The place of change, of alteration, of alchemy, where all change is wrought by God’s law.
El Morya says:
So, beloved, there is no place you can go that is more powerful than your altar. We have created the portable altar for you so you can fold it up, put it in your backpack, be on your way and then set it up at your destination. Wherever you are, you can establish your own forcefield, even if you have but a small crystal as the chalice for the flame. Wherever you go, you can raise up an altar to God, Yahweh, as did Abraham, Isaac and Jacob and the children of Israel in their wilderness wanderings. Yes, beloved hearts, this is the way.
There is an inner altar of the heart and there is an outer altar where you offer your devotions, which you can set up anytime, anywhere. Teach this to your children. Teach your children, beloved, that the altar is the place where God and man meet through the flame of the ark of the covenant. I ask you to go to the altar frequently and to tend the flame on the altar of your heart, for this practice will result in mighty changes in the earth.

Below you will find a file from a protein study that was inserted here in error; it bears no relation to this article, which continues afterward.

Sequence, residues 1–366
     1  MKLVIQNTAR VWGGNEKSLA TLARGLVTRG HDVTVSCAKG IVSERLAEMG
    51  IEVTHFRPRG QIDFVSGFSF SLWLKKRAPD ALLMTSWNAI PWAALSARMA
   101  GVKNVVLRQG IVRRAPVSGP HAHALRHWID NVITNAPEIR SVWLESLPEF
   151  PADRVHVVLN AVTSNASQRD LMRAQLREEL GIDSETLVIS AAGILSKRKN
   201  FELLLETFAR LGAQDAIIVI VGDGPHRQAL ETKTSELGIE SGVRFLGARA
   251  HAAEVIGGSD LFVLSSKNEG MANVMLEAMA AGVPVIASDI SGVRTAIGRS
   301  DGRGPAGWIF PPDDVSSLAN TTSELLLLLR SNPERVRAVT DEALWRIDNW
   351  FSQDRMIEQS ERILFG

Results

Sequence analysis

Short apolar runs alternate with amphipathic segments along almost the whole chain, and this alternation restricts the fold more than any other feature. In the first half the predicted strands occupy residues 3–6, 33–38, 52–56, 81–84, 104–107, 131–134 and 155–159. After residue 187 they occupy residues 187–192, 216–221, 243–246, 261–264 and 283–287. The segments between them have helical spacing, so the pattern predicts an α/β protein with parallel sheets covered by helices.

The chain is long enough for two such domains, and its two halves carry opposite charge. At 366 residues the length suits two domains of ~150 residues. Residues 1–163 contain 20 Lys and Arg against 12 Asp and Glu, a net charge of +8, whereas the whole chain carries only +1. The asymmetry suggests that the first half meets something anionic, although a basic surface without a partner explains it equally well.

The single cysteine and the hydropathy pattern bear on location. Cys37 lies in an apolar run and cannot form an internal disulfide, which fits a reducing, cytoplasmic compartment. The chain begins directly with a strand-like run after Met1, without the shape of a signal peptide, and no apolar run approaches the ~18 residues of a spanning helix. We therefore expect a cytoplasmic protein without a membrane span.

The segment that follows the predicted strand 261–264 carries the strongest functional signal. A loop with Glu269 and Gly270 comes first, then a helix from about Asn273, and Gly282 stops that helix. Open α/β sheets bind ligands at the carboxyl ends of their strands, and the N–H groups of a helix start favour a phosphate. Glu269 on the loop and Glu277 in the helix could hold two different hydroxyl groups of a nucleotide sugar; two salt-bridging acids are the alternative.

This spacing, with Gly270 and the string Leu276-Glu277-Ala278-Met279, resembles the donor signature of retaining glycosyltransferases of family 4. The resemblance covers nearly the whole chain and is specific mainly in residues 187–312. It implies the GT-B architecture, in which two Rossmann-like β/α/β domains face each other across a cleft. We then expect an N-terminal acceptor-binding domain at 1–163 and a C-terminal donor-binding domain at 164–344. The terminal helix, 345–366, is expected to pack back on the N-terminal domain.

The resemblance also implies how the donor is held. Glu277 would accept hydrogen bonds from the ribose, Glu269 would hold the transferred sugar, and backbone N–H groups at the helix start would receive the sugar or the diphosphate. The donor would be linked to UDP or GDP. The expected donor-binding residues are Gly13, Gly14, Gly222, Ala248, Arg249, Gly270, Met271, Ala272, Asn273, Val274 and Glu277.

To set up a simple altar in your home, start with a table or dresser covered with a white cloth, preferably linen. Hang the Chart of Your Divine Self centered above the altar with the Charles Sindelar portraits of Saint Germain and Jesus Christ to the right and left. Place a cut-glass or crystal chalice or a simple bowl at the center of the altar and a candle on either side. You may wish to add pieces of amethyst or natural quartz crystal, a Bible and representative books of the Law—Climb the Highest Mountain, The Lost Years of Jesus, The Lost Teachings of Jesus I and II. Place a framed photograph of the Messenger Mark L. Prophet on Jesus’ side of the altar and a framed photograph of the Messenger Elizabeth Clare Prophet on Saint Germain’s side. You can also include fresh or silk flowers and selected statuary of the saints of East and West, but be careful not to clutter your altar.
Pearls of Wisdom, vol. 37, no. 12.
- El Morya, Pearls of Wisdom, vol. 38, no. 8, February 19, 1995.